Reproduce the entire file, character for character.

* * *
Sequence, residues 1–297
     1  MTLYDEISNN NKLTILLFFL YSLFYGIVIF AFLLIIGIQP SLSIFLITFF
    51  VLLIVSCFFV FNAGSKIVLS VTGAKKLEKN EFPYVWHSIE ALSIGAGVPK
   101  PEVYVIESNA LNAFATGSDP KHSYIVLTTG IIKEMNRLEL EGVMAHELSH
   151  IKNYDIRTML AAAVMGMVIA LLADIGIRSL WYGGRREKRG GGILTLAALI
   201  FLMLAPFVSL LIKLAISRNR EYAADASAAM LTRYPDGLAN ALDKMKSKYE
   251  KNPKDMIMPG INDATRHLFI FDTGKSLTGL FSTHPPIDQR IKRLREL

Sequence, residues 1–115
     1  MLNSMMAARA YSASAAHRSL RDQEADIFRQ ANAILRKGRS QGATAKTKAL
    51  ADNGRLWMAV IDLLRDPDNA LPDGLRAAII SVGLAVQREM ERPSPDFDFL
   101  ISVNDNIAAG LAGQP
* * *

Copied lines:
Sequence, residues 1–297
     1  MTLYDEISNN NKLTILLFFL YSLFYGIVIF AFLLIIGIQP SLSIFLITFF
    51  VLLIVSCFFV FNAGSKIVLS VTGAKKLEKN EFPYVWHSIE ALSIGAGVPK
   101  PEVYVIESNA LNAFATGSDP KHSYIVLTTG IIKEMNRLEL EGVMAHELSH
   151  IKNYDIRTML AAAVMGMVIA LLADIGIRSL WYGGRREKRG GGILTLAALI
   201  FLMLAPFVSL LIKLAISRNR EYAADASAAM LTRYPDGLAN ALDKMKSKYE
   251  KNPKDMIMPG INDATRHLFI FDTGKSLTGL FSTHPPIDQR IKRLREL

Sequence, residues 1–115
     1  MLNSMMAARA YSASAAHRSL RDQEADIFRQ ANAILRKGRS QGATAKTKAL
    51  ADNGRLWMAV IDLLRDPDNA LPDGLRAAII SVGLAVQREM ERPSPDFDFL
   101  ISVNDNIAAG LAGQP